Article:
EGU24-20259, updated on 11 Mar 2024
EGU General Assembly 2024
© Author(s) 2024. This work is distributed under
the Creative Commons Attribution 4.0 License.

Response of carbon accumulation dynamics in the peatlands of Changbai Mountain to climate change over the past 2000 years

Hongyan Zhao1,2,3, Xue Liu1,2, and Hongkai Li1,2,3
Hongyan Zhao et al.
  • 1Key Laboratory of Geographical Processes and Ecological Security in Changbai Mountains, Ministry of Education, School of Geographical Science, Northeast Normal University, Changchun, China (
  • 2Institute for Peat & Mire Research, Northeast Normal University, Changchun, China
  • 3State Environmental Protection Key Laboratory of Wetland Ecology and Vegetation Restoration, Northeast Normal University, Changchun, China

Peatlands occupy only 3% of the land area, but store nearly 30% of soil organic carbon (Yu et al., 2010; 2014). Thus, peatlands are one of the most important carbon reservoirs on land. Whether peatlands will become a carbon source or sink as the climate warms varies in different study regions (Gallego-Sala et al., 2018). In order to answer this question, it is necessary to select the past typical warm period as the "historical similarity" to explore the relationship between the carbon accumulation in peatland and climate change during this period. The past 2000 years includes the Roman Period, the Medieval Warm Period, the Little Ice Age and the Global Warming Period, which are the focus of the International Program on Past Global Changes (PAGES). A study of the relationship between peatlands and climate change in the last millennium on a global scale shows that the carbon sink of peatlands in northern regions is increased after rising temperature, while the opposite is true for peatlands in low latitudes (Galleau-Sala et al., 2018). Where is the latitude limit?

The Changbai Mountain is located between the northern peatlands and low-latitude peatlands. The peatlands distribute widely in the Changbai Mountain and are less affected by human activities. Thus, the Changbai Mountain is one of the ideal regions to explore the response of peatland development to climate change (Hong et al., 2000; Zhou et al., 2010; Zheng et al., 2018). In this paper, four peatlands (Jinchuan, Baijianghe, Lushuihe and Laolike) were selected from west to east around the main peak of Changbai Mountain, and six peat profiles were drilled in total. With the support of AMS14C and 210Pb/137Cs techniques, the dynamics of carbon accumulation in peatlands and its response to climate in this area in the past 2000 years were discussed. The results show that the carbon accumulation rate of the four peatlands with similar latitudes was higher during the warm and wet period of the Roman Period and the Medieval Warm Period, and lower during the Little Ice Age, which is consistent with the northern peatlands. But the carbon accumulation rate showed a downward trend during the global warming period, which is similar to the low-latitude peatlands. This suggests that the carbon accumulation rate of peatland in Changbai Mountain may increase with the increase of temperature within a certain range. But the rate of carbon accumulation will decrease when the temperature rises beyond the limit. It also suggests that if the climate continues to warm in the future, the carbon sink function of peatlands in the region will be weakened. Exploring the response of carbon accumulation dynamics to climate change in peatland of Changbai Mountain is helpful to clarify the latitude limit of carbon accumulation change in peatland and predict the trend of carbon accumulation change in peatland after climate warming.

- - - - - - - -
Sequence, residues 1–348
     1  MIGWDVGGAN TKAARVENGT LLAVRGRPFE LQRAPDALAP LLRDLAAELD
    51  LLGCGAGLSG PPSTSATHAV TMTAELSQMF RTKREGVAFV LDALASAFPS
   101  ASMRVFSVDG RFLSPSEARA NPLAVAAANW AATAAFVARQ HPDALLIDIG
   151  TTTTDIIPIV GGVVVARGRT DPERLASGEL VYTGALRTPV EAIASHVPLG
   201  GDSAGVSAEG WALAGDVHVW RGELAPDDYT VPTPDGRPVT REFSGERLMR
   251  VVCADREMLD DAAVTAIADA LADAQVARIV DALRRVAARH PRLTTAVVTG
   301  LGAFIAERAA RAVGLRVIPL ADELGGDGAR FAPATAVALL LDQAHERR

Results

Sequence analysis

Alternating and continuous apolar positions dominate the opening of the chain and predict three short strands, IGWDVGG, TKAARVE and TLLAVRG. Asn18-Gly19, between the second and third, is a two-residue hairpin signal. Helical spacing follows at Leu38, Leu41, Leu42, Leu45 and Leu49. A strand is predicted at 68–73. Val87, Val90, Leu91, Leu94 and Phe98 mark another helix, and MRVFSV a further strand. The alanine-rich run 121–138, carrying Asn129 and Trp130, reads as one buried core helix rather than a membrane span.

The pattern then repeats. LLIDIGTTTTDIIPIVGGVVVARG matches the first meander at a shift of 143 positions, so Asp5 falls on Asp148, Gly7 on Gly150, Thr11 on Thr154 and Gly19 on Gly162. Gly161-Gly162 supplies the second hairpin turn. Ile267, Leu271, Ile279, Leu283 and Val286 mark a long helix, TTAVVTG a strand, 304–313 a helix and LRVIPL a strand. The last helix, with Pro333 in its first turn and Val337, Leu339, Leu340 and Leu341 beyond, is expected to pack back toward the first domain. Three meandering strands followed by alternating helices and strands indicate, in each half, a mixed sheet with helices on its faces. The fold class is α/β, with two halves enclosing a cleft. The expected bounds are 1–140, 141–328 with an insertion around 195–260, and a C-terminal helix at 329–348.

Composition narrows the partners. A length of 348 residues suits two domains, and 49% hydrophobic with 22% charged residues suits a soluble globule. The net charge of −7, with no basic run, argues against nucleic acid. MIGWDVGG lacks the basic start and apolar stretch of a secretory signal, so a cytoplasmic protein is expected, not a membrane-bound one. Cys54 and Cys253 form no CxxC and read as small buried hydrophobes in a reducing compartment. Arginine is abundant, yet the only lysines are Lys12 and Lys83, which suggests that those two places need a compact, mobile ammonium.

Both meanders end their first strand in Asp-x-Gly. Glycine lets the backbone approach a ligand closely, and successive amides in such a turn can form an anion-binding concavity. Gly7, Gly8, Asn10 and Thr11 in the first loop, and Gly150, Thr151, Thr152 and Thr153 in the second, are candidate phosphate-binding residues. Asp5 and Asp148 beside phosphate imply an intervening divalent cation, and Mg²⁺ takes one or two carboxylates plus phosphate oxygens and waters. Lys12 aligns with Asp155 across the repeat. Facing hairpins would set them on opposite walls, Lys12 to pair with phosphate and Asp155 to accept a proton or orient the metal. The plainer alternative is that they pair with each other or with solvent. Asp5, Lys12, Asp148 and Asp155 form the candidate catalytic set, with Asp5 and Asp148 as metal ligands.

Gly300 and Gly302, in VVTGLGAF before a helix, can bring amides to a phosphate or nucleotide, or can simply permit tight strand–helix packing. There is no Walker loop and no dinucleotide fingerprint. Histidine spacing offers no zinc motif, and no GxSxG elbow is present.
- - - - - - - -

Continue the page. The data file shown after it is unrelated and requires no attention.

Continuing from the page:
How to cite: Zhao, H., Liu, X., and Li, H.: Response of carbon accumulation dynamics in the peatlands of Changbai Mountain to climate change over the past 2000 years, EGU General Assembly 2024, Vienna, Austria, 14–19 Apr 2024, EGU24-20259,, 2024.